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Critically assess the methods used to measure violence and victimisation

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´╗┐Critically assess the methods used to measure violence and victimisation Executive Summary This report explored, critically assessed and identified limitations of two methods official statistics and victimisation surveys that measure violence and victimisation. Official statistics provide information on selected and reported crimes made by criminal justice agencies usually police but does not provide data about unreported crimes, characteristics of victims and offenders, making official statistics unreliable. The issues of unreported crimes are considerably high ranging from 40 ? 60 %. Several factors contribute to this high rate of under - reporting crimes like insignificance, personal perceptions, circumstances, fear or embarrassment. Other limitations include: over ? reporting and reporting only most serious crimes that may mislead societies about real extent of committed crimes. Victimisation surveys provide information about the crimes that are not reported to the police and not recorded in the official data. They gather information about victims and offenders such as impact of crime, relationships between victims and offenders, circumstances and reasons why crimes are not reported. However they are in limited scope and do not provide a final measure of the total numbers of crimes as they gather information only on certain crimes and certain groups while excluding others. Other limitations include: under ? reporting because people might be reluctant to disclosure information or too embarrassed, as well as over ? reporting because people might misinterpret events considering themselves as victims while they are not. ...read more.


or because of fear of reprisal (18 %) (Skogan, 1975). Others fail to report crimes because they feel that it is too embarrassing, for example crimes like rape or sexual assault have the highest non reporting rates (88 %) (Landau, 2006). Furthermore crimes are not reported because victim may not realize that she or he is a victim of a crime, for example in the event of fraud or when victims are children. This might happen because children may either fail to recognize themselves as victims, are too scared or cannot report it. For example children that are sexually assaulted usually are too scared or threatened to tell their experience to somebody (Cleaver et al., 2009). Because a lot of victims do not report their experiences to the police the official statistics that are gathered underestimate the number of committed crimes and the number of offenders of crime, leaving a huge gap between actual numbers of committed and reported crimes (Regoli & Hewitt, 2008). Other limitations of official statistics are that some crimes can be reported more than others or there might be events when police record more particular crimes than usual, for example more drunk drivers or more robberies at holiday season. Moreover official statistics report only the most serious crimes (rape, murder, homicide) ...read more.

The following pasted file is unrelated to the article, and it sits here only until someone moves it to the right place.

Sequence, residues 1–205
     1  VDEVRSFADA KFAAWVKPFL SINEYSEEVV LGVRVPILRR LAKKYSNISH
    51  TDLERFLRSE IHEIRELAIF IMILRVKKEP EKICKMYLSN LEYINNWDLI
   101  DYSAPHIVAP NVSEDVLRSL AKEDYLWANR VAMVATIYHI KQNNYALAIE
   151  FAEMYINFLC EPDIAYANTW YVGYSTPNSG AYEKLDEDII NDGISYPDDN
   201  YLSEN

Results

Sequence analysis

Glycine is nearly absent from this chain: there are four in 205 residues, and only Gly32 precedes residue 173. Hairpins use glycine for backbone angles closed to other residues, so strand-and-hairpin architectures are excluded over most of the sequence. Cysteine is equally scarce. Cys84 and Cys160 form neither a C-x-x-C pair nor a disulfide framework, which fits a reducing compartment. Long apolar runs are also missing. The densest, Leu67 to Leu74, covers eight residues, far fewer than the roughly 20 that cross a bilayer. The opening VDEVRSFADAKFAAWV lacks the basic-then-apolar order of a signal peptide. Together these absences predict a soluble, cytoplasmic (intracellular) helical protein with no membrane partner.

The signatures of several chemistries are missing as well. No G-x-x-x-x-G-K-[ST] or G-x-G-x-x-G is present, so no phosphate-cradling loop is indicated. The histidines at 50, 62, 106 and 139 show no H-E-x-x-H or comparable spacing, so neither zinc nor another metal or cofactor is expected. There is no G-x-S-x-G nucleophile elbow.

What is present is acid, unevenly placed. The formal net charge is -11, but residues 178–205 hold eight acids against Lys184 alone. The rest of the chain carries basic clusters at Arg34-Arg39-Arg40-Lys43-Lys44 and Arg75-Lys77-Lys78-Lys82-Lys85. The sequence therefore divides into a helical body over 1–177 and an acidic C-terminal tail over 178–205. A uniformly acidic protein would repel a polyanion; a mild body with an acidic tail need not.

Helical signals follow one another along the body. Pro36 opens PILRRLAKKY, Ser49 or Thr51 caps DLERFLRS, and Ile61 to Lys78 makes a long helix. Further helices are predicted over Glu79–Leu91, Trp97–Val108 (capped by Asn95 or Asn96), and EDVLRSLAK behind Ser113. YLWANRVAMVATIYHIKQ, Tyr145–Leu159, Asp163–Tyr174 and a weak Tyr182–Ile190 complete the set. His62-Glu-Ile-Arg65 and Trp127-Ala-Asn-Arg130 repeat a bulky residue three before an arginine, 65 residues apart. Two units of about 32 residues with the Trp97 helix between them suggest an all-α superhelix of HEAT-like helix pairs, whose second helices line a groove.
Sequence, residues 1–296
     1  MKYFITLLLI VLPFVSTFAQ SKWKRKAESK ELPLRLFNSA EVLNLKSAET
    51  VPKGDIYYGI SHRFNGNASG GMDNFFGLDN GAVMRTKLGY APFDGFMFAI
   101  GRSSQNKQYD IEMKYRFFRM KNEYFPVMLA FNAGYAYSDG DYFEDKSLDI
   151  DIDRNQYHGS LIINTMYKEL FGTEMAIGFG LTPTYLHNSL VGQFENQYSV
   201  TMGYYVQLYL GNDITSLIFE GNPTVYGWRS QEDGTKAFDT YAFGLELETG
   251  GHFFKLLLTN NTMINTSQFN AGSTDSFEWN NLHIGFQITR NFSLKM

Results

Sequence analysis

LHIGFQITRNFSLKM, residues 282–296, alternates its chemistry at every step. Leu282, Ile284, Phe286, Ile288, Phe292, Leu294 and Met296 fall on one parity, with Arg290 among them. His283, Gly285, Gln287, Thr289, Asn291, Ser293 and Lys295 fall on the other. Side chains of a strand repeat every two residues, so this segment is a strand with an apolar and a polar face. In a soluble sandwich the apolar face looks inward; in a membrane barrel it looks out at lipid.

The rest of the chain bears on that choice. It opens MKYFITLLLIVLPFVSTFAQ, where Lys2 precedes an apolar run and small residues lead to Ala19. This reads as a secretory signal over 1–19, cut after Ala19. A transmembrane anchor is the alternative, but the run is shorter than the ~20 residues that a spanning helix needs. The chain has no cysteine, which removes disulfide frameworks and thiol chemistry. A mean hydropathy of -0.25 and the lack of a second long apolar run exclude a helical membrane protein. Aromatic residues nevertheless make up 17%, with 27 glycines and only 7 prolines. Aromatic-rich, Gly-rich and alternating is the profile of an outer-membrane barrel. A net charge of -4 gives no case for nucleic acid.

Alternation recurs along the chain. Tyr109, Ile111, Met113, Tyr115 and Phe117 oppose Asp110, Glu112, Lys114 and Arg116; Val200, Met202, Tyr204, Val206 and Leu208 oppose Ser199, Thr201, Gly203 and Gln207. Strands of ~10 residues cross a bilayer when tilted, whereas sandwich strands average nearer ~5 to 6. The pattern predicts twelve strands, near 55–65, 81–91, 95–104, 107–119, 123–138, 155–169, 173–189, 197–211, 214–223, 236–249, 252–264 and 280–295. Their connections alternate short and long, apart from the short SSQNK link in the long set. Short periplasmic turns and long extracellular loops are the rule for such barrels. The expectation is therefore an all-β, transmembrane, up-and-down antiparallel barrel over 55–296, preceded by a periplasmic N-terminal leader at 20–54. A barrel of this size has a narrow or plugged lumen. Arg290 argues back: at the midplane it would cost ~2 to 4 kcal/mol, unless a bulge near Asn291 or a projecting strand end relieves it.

Moreover because police officers can freely decide whether to report an event as a crime or drop it, these individual perceptions and decisions can influence the number of crimes that are recorded. Furthermore sometimes particular crimes can be over reported for example recording more thefts on Christmas and can cause a perception that particular crimes are increasing while others decreasing, while true extent of crime remains unknown. On the other hand victimisation surveys are created to address official data and its issue of unreported crimes. They cover a much broader range of information than official data for example impact of crime on victims, circumstances, characteristics and relationships. However like official statistics victimisation surveys have few limitations as well. One of them is that surveys are in limited scope because they focus only on a certain types of crimes (those where victim can be identified), while other crimes for example ?victimless crimes? or murder are excluded. Victimization surveys gathered data might be subject to under - reporting because numbers can be influenced by respondent?s reluctance to answer questions, as well as bad memory, fear or embarrassment that can make statistics unreliable. Additionally victimisation surveys might be subject to over reporting when people misinterpret events. Then data will over report crimes misleading about real trends of crime. Finally victimization surveys are conducted in households and they gather information from a group of people that do not represent whole population, making it difficult to measure the true extent of committed crimes. ...read more.

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